The movement of firearms and related goods through Australia is subject to the
Customs Act 1901 (the Act). The requirements that must be met will vary depending on how you are travelling through Australia.
Firearms and related goods that are brought into and out of Australia undisturbed on a single conveyance, such as on board non-Australian registered craft on international voyages travelling through Australia for cruising or recreational purposes, are
transiting for the purposes of the Act.
Firearms and related goods that brought into Australia and have been or will be transferred from one conveyance to another for the purposes of export to another country, such as persons travelling to another country and changing flights at an Australian international airport, and sending goods through Australia via air and sea cargo, are
transhipping for the purposes of the Act.
Firearms and related goods that are transiting through Australia are subject to special provisions related to prohibited items under Part XIIA of the Act. In these circumstances, the firearms and related goods must be securely stored in an approved place while the craft is in Australia.
Note: This arrangement precludes the need to obtain import and export permission for these goods.
We will either:
- approve the storage of the goods on board the vessel where certain strict requirements are met (for example, locked in a secure firearm safe with limited access and sealed by DIBP), or
- take the goods into our custody.
On departure, we will either confirm that all goods remain secured on board the vessel and remove any DIBP seals, or return the goods from our custody.
These provisions in the Act
do not apply to:
- Australian registered craft, or
- where the craft is taken to have been imported by us under subsection 49A(7) of the Act.
Firearms and related goods that are being transhipped through Australia in order to be moved elsewhere are considered to be imported and exported goods, and are therefore subject to the requirements under both the
Customs (Prohibited Imports) Regulations 1956 and the
Customs (Prohibited Exports) Regulations 1958.
To meet those requirements the following must occur:
- the goods must only be imported for the purposes of transhipment
- permission to export in the form if a Defence Export Permit (DEP) must be granted
- the goods must remain under the effective control of DIBP while in Australia.
Obtaining defence export permission
To receive permission to export for the purposes of transhipment, the following three (3) steps must be completed:
Register as a client with us using a
Form B319 - Registering as a client in the Integrated Cargo System (473KB PDF) and receive a Customs Client Identification Number (CCID). The form can be submitted to the nearest Department's Client Services Counter.
This step is not necessary if you have already applied for and received a CCID number.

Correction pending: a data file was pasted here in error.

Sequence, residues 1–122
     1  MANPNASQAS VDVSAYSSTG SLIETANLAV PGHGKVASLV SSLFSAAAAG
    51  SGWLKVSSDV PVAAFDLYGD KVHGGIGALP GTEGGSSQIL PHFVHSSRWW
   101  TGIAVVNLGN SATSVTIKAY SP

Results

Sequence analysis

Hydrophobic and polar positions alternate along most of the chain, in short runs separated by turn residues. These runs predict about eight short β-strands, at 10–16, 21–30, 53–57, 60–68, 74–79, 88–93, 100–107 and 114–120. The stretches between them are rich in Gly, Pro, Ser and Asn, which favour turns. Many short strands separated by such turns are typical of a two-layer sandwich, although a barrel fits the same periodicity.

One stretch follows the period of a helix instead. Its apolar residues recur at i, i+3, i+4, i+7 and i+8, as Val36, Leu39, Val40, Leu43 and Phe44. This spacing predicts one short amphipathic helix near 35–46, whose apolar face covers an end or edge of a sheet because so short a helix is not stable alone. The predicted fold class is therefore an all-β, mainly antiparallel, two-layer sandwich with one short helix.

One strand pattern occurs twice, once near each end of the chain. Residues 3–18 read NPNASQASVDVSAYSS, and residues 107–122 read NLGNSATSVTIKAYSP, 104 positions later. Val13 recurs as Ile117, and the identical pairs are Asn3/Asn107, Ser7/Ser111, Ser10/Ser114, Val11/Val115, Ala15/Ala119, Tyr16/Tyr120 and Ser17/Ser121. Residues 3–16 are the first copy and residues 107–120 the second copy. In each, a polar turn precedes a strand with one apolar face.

Apply for a Defence Export Permit (DEP) with the Defence Export Control Office (DECO) at the Department of Defence.
To apply for a Defence Export Permit you will need to complete two main steps:
- Register as a client with the Department of Defence (DoD) on the DECO website
- In completing this form you should provide either an Australian Business Number (ABN) or a Customs Client Identification Number (CCID) which you would have received in step 1.
- On completion of this form, DECO will provide you with a Defence Client Registration Number (DCRN) which should be used when completing the Application to Export Controlled Goods and Technology form.
- Apply for Permission to Export Controlled Goods and Technology on the DECO website.
Both the forms are available at
Defence Export Control Office website.
Lodge an Export Declaration using the
Form B957 - Export Declaration (355KB PDF) and submit it to the nearest Department's client service counter.
Completing export declarations (617KB PDF) if you need help in filling the form.
If you arrive in Australia without this documentation you might be able to apply for a Restricted Goods Permit (RGP) with us when travelling with certain low risk firearms. However as an Restricted Goods Permit can only be granted by us under limited criteria, the short timeframes between flights, and applications might take up to two hours to process, it is strongly advised that you receive a Defence Export Permit prior to your arrival into Australia to avoid any seizure or delays.
For more information regarding the Restricted Goods Permit criteria, see
Defence export control office website.
Defence export control office
Contact Defence export control office for more information.
1800 661 066 (inside Australia)
+61 2 626 67222 (from outside Australia)
The maximum penalty for the transhipment of these goods without the relevant permission is a penalty not exceeding $450,000, imprisonment for 10 years, or both.